National Wildlife Refuges In The United States: Significance In Conservation

National Wildlife Refuges are protected areas in the United States managed by the USWS and are meant for the conservation of rare and endangered wildlife.

With over 80% of the US citizens living in urban area, the challenge to make sure that the natural resources are protected, conserved, and valued by the people is becoming more complex and challenging.The US is home to a high biodiversity defining its ecosystem. Wildlife conservation is given top priority by the government to protect both the native and the endangered species in the country. Conservation laws such as Endangered Species Act and Marine Mammal Conservation Act have been put up to define the US stance on conservation. Another system established as a conservation measure is the National Wildlife Refuge System. The NWRS is a system in the US whereby the particular protected areas such as public land and marine are set aside to conserve the US biodiversity such as fish, wildlife, and plants.

Overview Of The National Wildlife Refuge

The NWRS maintains and preserves the integrity, diversity, and safety of the environment and natural resources and enables the safe enjoyment of these resources by the public. The NWRS manages a broad range of habitat types such as the wetlands, coastal areas, prairies, boreal forest, and marine areas among other habitats. The management of each habitat forms a web which controls or eradicates evasive species and assuring adequate water resources while assessing external threats. The national refuges house about 700 birds’ species, 220 mammalian species, and over 250 species of reptiles. Endangered species are given priorities with over 60 refuges established with the primary aim of protecting 285 endangered species. NWRS are also established so that the public can take part in several recreational activities with the facilities hosting over 50 million people annually. The employees of the NWR are responsible for the planning, monitoring, and conservation of the habitat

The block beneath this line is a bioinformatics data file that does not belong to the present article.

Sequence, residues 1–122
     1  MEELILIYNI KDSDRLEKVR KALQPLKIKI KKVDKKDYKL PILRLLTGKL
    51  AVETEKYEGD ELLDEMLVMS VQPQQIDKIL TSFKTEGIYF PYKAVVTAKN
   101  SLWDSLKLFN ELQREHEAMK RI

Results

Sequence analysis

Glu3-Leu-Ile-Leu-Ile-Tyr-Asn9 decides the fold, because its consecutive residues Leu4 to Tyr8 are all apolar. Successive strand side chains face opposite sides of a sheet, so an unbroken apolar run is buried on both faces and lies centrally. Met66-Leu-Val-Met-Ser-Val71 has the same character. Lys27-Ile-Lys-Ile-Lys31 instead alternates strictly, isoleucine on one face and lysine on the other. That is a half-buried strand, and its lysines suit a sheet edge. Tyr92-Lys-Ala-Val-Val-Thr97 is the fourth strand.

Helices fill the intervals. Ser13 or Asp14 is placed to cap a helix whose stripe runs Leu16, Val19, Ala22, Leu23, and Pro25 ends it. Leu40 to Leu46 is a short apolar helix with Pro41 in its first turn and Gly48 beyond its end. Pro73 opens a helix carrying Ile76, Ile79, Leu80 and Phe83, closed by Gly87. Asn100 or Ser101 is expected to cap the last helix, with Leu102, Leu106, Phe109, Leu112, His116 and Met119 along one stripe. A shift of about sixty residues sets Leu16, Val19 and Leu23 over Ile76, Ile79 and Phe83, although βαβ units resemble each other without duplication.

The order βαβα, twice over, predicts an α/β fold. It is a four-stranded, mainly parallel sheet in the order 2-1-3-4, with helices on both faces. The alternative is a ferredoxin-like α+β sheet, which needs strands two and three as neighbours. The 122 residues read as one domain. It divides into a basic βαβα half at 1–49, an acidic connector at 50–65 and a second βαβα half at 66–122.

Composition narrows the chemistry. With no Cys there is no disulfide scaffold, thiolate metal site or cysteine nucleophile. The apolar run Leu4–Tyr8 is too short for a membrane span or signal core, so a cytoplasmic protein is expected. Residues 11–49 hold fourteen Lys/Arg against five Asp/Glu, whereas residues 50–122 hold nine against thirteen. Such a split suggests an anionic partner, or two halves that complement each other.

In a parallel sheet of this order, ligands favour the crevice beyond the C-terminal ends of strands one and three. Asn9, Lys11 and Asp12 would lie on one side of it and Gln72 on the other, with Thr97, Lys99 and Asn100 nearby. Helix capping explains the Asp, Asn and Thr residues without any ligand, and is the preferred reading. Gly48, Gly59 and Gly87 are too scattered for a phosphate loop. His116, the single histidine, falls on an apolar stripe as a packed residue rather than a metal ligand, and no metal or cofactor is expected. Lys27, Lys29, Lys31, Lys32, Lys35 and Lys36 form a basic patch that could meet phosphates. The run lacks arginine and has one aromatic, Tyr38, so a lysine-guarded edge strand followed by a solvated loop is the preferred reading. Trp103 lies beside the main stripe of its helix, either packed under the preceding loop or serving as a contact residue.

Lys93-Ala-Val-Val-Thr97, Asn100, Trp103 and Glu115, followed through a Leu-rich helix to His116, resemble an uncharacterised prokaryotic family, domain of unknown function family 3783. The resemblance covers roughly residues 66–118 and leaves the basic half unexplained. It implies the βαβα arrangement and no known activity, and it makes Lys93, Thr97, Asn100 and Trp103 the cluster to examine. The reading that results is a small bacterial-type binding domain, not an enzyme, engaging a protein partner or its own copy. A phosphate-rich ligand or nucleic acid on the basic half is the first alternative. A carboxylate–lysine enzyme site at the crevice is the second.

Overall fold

History Of The National Wildlife Refuge

President Theodore Roosevelt established Pelican Island NWR through an executive order in 1903 after series of plans hatched by members of the Boone and Crockett Club to set refuge systems across the US. However, the concept of protecting wildlife through preservation of habitat dates back to the mid-19th century by the Western explorers.The first Federal action intended to protect wildlife in designated areas was through the Act of Congress of June 30, 1864. The Act transferred Yosemite Valley to the state of California from the public domain. The earliest efforts to set aside a federally owned area for wildlife occurred in 1868 when the action was taken to protect Pribilof Island in Alaska. The provisions of the Forest Reserves Act of 1891 allowed for the creation of Afognak Island Forest and Fish Culture Reserve under the executive order of President Benjamin Harrison. The increased awareness of the importance of fish and wildlife resources led to the creation of several reserves and protected areas and establishment of departments and organizations to champion for these conservation measures.

Management Activities

The NWRS works internally and externally to achieve effective conservation by leveraging on resources. It works collaboratively with other federal agencies and non-governmental organizations through meaningful engagements at regional and integrated levels. Some of the management activities conducted by the NWRS include monitoring plant and animal populations, preventing and controlling wildlife disease outbreak, restoring the natural habitats, and assessing water quality and quantity among other activities

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